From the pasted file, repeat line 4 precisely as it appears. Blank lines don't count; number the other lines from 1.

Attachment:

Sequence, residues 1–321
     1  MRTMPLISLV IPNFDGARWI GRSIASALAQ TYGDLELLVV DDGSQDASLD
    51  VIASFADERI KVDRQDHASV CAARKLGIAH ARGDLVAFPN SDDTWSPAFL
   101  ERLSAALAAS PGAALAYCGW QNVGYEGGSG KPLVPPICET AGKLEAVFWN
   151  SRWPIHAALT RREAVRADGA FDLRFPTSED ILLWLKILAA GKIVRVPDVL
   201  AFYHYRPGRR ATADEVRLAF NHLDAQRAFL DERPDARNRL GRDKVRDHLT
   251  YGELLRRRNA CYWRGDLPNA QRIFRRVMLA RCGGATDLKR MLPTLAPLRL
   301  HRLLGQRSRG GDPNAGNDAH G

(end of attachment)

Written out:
   101  ERLSAALAAS PGAALAYCGW QNVGYEGGSG KPLVPPICET AGKLEAVFWN